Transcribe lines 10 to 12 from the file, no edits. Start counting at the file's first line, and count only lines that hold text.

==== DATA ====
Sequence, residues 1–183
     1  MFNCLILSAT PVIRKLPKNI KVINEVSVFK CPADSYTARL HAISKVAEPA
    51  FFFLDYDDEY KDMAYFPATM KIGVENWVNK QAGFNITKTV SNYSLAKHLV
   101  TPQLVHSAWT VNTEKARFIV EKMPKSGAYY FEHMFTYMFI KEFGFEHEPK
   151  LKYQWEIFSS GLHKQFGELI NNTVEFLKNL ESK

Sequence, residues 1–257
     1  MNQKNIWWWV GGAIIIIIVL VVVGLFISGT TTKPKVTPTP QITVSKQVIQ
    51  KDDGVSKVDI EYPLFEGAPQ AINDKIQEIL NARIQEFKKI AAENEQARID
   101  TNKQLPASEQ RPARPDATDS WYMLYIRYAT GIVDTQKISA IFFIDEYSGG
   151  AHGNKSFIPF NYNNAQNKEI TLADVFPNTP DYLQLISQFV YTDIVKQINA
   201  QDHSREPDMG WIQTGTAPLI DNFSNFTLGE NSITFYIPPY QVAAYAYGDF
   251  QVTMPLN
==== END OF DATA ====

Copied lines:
   151  AHGNKSFIPF NYNNAQNKEI TLADVFPNTP DYLQLISQFV YTDIVKQINA
   201  QDHSREPDMG WIQTGTAPLI DNFSNFTLGE NSITFYIPPY QVAAYAYGDF
   251  QVTMPLN